Redeeming Qualities and Moments:

  • Susan Hayward as Lillian Roth

Must See?
No, but it’s worth a look simply for Hayward’s performance.

Links:

Calamity Jane (1953)

Calamity Jane (1953)

[Note: The following review is of a non-Guide for the Film Fanatic title; click here to read more.]

“Looks like Calamity’s been holding out on us, carrying concealed weapons.”

Synopsis:
Sharpshooter Calamity Jane (Doris Day) bets Wild Bill Hickok (Howard Keel) that she can bring famed showgirl Adelaid Adams to the small town of Deadwood, but accidentally recruits Adams’ personal maid Katie (Allyn Ann McLerie) — an aspiring singer — instead. When Katie learns that Jane is secretly in love with Lieutenant Gilmartin (Philip Carey), she helps Jane present herself in a more feminine fashion; meanwhile, both Hickok and Gilmartin fall in love with Katie, causing romantic tension all around.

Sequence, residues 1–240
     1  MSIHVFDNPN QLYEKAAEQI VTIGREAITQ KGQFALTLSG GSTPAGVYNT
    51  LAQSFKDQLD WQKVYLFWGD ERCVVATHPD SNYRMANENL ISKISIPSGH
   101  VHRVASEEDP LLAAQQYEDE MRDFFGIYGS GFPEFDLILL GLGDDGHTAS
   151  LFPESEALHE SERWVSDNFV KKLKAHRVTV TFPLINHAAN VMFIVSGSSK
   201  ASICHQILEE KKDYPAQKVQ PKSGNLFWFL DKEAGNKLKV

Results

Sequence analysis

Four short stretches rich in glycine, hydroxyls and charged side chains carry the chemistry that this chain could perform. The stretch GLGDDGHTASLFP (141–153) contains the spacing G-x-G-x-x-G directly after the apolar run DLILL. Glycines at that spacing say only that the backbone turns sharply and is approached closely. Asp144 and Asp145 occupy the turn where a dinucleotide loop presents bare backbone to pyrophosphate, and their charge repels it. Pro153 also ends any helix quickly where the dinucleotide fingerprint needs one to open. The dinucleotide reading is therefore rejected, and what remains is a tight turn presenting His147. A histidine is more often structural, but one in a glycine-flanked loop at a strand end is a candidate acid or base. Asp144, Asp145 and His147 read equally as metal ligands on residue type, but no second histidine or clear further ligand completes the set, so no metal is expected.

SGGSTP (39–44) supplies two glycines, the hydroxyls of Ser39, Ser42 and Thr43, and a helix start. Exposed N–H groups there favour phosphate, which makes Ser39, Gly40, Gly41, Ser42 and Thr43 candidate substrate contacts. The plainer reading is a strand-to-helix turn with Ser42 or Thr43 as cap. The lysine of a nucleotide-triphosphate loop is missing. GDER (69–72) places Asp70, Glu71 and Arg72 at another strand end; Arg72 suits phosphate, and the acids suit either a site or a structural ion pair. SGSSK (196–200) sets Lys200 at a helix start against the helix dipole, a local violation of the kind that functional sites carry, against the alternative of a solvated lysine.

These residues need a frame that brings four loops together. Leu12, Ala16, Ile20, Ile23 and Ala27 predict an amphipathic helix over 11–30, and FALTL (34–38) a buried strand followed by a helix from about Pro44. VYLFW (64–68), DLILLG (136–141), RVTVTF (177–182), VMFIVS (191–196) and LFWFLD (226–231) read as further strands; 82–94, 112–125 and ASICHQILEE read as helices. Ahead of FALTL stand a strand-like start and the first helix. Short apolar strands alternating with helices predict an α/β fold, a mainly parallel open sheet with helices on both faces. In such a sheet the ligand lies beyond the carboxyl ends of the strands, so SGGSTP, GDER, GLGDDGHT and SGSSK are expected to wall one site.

Genres:

  • Aspiring Stars
  • Character Arc
  • Doris Day Films
  • Howard Keel Films
  • Love Triangle
  • Musicals
  • Singers
  • Strong Females
  • Westerns

Review:
Like Annie Get Your Gun (1950), Calamity Jane is a popular ’50s-era musical which Peary fails to include in his GFTFF, but lists in his Alternate Oscars — in both cases, nominating the female lead as one of the Best Actresses of the Year. While I don’t believe AGYG is ultimately “must see”, I would argue that Calamity Jane is, simply for its status as a cult favorite. Indeed, the film remains memorable and provocative simply due to its surprisingly strong gay subtext: much like Preston Sturges was able to get away with an astonishing amount of sexual innuendo in his The Miracle of Morgan’s Creek (1944) by playing carefully within the bounds of the Production Code, the screenwriters here present a resolutely heterosexual storyline (Jane is shown right away as being smitten with a man) which nonetheless possesses a definite undercurrent of homosexual playfulness.